Borrowers with individual incomes less than $125,000, or $250,000 for married couples, are eligible for student loan forgiveness up to $20,000. The Department of Education will cancel up to $20,000 in student loan debt to borrowers who received a Pell Grant and had loans held by the Department of Education. Those who did not receive a Pell Grant will receive up to $10,000 in debt cancellation. Since this plan will not benefit high-income households, the Biden administration has extended the pause on loan repayments once more until January 2023.  

Part II: Manageable Loan System for All Borrowers  

The Department of Education proposed a new repayment plan that will replace the current income-driven plan in place. It will prevent low-income borrowers from committing to monthly payments of more than 5% of their discretionary income, a drop from the current 10%. This would lead to an average savings of $1,000 per year for both current and future borrowers.  

In addition, they will expand on the recent improvements to the Public Service Loan Forgiveness (PSLF) program. More than 175,000 public servants have had $10 billion in student loans canceled and the Department of Education expects these numbers to increase. Public servants include nonprofit workers, military members, and officials working in federal, state, local, or tribe level governments.  

Part III: Reduced Cost of College  

Earlier this year, President Biden approved the largest increase to Pell Grants since 2009, a bill that doubled the size of the maximum Pell Grant to $6,895. In addition to making tuition costs more manageable, the Biden administration has also taken steps to hold colleges accountable for keeping reasonable tuition costs, as well as ensuring students are receiving the value for their investments in higher education.  

Assuming every eligible borrower takes advantage of this plan, it will completely cancel student loans for nearly 20 million borrowers, as well as partially cancel student loan debt for 43 million others.  

Tax Debt Relief for Student Loan Borrowers 

The debt relief in Biden’s Student Loan Forgiveness Plan will not be treated as taxable income for the federal income tax purposes. However, borrowers should remain mindful of available tax breaks and filing requirements. If you need tax help, give us a call at 800-536-0734 for a free consultation today.  

An Update on Student Loan Forgiveness

An Update on Student Loan Forgiveness

Student loan debt is still on the rise and new developments regarding repayment and forgiveness have unfolded recently. President Biden will announce his plan for student loan forgiveness and repayment by the end of August 2022.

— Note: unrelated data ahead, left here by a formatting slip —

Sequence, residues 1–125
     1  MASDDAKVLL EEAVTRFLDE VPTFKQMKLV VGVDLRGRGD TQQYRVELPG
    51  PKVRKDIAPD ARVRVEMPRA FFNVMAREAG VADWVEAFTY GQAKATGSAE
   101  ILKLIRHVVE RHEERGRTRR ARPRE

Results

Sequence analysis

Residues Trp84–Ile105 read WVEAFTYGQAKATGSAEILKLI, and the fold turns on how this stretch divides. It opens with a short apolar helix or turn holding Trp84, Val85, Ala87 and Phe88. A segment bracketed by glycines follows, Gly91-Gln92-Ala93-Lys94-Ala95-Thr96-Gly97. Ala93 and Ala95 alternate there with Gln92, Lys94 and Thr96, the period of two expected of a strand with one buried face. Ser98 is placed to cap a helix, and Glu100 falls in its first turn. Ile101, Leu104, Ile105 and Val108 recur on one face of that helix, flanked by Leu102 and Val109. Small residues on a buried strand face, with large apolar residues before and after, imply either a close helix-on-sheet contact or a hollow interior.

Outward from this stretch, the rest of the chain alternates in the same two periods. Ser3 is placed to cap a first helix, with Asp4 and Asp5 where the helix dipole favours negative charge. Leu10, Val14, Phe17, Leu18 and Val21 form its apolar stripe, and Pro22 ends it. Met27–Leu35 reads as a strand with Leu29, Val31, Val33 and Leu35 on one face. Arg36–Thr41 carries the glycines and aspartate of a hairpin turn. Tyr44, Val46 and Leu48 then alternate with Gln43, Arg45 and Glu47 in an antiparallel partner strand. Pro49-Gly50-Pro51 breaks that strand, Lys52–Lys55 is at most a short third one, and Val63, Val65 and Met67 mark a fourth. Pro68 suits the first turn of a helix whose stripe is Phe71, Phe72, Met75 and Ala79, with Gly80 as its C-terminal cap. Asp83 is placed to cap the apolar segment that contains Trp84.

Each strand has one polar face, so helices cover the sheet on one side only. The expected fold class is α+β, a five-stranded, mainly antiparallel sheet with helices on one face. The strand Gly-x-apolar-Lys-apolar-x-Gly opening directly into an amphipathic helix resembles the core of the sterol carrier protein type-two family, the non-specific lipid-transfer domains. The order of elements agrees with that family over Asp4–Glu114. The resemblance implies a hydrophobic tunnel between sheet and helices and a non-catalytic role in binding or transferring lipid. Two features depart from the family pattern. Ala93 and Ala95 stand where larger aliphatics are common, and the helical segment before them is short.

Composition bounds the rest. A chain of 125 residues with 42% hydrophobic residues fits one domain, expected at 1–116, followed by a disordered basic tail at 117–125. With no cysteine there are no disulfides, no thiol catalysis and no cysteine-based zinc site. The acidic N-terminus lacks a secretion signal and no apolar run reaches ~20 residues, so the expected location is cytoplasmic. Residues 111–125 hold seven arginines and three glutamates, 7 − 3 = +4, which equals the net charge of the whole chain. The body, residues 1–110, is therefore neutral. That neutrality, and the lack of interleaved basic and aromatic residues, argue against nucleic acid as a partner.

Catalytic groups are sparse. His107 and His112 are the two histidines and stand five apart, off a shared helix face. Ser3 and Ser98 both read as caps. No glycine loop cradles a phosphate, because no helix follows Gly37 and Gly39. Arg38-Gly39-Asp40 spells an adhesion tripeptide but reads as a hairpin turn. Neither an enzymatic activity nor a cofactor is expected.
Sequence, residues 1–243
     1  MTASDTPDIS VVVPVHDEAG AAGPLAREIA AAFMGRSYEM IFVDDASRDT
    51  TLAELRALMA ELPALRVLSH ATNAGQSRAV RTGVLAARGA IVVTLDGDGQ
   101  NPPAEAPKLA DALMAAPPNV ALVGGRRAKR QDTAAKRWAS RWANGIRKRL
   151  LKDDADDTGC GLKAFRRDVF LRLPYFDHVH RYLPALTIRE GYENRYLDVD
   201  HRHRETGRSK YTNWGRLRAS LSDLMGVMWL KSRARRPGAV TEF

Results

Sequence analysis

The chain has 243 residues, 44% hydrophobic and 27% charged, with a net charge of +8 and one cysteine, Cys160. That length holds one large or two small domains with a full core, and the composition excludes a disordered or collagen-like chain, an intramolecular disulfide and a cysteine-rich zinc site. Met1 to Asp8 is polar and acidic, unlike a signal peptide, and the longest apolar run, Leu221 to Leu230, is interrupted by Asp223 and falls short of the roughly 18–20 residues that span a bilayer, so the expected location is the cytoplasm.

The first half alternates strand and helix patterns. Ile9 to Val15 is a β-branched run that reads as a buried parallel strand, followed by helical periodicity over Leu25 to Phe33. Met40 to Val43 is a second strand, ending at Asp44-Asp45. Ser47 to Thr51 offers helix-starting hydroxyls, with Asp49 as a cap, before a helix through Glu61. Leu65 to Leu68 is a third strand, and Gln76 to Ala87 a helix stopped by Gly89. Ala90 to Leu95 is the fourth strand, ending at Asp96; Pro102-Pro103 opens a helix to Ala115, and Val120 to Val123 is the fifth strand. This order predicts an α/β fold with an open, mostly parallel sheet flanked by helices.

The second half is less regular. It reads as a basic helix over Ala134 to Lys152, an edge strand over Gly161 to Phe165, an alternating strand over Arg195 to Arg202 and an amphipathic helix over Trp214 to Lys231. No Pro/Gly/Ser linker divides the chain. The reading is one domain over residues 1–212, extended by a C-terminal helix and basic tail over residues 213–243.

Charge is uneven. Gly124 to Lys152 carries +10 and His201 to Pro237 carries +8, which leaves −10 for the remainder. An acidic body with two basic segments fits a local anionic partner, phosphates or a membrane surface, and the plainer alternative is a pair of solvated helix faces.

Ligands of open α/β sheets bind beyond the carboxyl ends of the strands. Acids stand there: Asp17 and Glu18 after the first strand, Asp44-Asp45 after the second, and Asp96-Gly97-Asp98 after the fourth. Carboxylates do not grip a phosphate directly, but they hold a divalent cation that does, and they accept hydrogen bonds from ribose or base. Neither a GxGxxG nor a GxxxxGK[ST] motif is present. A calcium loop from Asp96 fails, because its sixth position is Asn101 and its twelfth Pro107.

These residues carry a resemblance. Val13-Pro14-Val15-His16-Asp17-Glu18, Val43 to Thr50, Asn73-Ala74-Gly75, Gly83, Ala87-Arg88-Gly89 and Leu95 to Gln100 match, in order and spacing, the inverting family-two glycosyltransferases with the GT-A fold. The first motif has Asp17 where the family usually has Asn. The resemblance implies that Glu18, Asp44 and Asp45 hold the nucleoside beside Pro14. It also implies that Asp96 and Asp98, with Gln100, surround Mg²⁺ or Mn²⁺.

Student Loan Payment Pause 

Loan payments are currently paused but are set to begin again on September 1, 2022. Payments have been paused several times since the Cares Act passed in March 2020. However, it seems the pause may be extended again past the August 31st deadline.  

Student Loan Forgiveness 

On the other hand, President Biden may announce a decision on student loan forgiveness. There has been some speculation that Biden plans to cancel $10,000 for more than 40 million federal student borrowers. Included loans are the Federal Family Education Loan Program (FFELP), Perkins Loans, Grad PLUS Loans, and Parent PLUS Loans, many of which have not been included in recent loan forgiveness initiatives.  

Limited Waiver 

A limited waiver was instituted in October 2021, allowing borrowers to count payments that were once considered ineligible toward forgiveness. Ineligible payments include late payments, partial payments and payments made under the incorrect payment plan. This one-time exception is due to expire after October 31, 2022. However, President Biden has named an extension of the waiver as another permanent means of loan forgiveness.  

Republican Repayment Plan 

Three Republican members of Congress introduced a new bill that serves as an alternative to President Biden’s potential plan. The plan does not include any major loan cancellation. It seeks to end the Public Service Loan Forgiveness program set to begin in July 2023 and the payment pause. The bill also introduces a new Income-Based Repayment (IBR) plan that would replace the current income-driven repayment plans. It would also eliminate capitalization of student loan interest. Finally, the bill would limits student loan interest to 10 years, which can save borrowers thousands of dollars.  

Tax Debt Relief for Student Borrowers 

While student loan forgiveness seems attractive to many, nothing is set in stone yet. That said, borrowers should continue to plan for repayment. Additionally, borrowers should remain mindful of available tax breaks and filing requirements. If you need tax help, give us a call at 800-536-0734 for a free consultation today.